Editor’s Note: The following report is excerpted from Joseph Farah’s G2 Bulletin, the premium online newsletter published by the founder of WND. Subscriptions are $99 a year or, for monthly trials, just $9.95 per month for credit card users, and provide instant access for the complete reports.
WASHINGTON – China is considering a change in its historical policy of avoiding alliances and is looking to establish military and strategic ties with other countries in an effort to counter U.S. military influence worldwide, according to a report in Joseph Farah’s G2 Bulletin.
Chinese strategists suggested the move in a conference sponsored by China’s National Security Policy Commission, which is led by senior military officers who are virulently anti-American.
Already, recent Chinese strategic decisions have indicated a new policy already is under way.
“History of the world tells us that, whether it’s in political, economic or military arenas, Western nations, without any exception, always resorted to alliances,” said one Chinese security analyst.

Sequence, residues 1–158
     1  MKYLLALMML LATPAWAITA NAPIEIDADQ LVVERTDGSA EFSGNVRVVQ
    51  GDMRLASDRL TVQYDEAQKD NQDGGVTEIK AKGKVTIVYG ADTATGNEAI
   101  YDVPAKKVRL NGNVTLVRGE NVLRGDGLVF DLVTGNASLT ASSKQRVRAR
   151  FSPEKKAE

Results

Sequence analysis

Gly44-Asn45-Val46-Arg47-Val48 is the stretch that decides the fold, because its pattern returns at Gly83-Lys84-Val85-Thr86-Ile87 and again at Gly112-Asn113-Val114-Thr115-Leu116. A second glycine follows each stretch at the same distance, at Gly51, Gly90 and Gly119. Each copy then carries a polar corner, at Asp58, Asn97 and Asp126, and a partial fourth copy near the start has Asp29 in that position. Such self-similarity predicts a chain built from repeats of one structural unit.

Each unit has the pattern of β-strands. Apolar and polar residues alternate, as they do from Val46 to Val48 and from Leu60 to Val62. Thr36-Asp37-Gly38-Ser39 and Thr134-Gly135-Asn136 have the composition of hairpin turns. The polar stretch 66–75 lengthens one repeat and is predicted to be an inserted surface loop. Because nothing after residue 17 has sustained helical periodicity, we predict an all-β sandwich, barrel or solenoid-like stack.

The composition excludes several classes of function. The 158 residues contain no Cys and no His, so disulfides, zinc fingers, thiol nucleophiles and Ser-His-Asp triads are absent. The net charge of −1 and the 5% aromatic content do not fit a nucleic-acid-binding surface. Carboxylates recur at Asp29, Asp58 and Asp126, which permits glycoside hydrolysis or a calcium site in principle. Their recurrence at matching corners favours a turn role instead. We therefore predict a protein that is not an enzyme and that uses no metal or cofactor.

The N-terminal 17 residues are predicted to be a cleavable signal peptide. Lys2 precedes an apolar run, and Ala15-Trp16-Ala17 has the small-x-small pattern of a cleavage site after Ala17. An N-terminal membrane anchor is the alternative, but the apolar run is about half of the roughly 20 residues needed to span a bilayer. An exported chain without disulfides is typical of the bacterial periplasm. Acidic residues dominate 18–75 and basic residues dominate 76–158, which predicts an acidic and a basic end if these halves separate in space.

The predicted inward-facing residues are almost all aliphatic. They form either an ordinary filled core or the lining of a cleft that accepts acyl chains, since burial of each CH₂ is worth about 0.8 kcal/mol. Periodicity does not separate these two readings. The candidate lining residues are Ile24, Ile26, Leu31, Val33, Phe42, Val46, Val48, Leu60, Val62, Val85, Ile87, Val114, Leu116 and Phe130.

“China must change its non-alliance policy,” he said. “We must consider forming alliances. Otherwise, in a future war with the U.S., we will not be able to politically or militarily counter America’s global alliance network just by ourselves.
“Without an alliance system of our own,” he said, “we will never be able to win.”
Yang Mingje of the Chinese Institute of Contemporary International Relations, China’s largest strategic think-tank run by the Ministry of State Security, said the view among Chinese strategists is that while the U.S. is looking to put more of its military forces in the Pacific, the U.S. continues to have a global agenda, since “China has become a global power.”
To fight a globalized China, he said, the U.S. also must act globally as it did during the Cold War.
Any alliance with neighbors may be questionable, since Beijing has upset many of them with claims of historical rights to disputed islands and in regions where there are disagreements over offshore drilling access.
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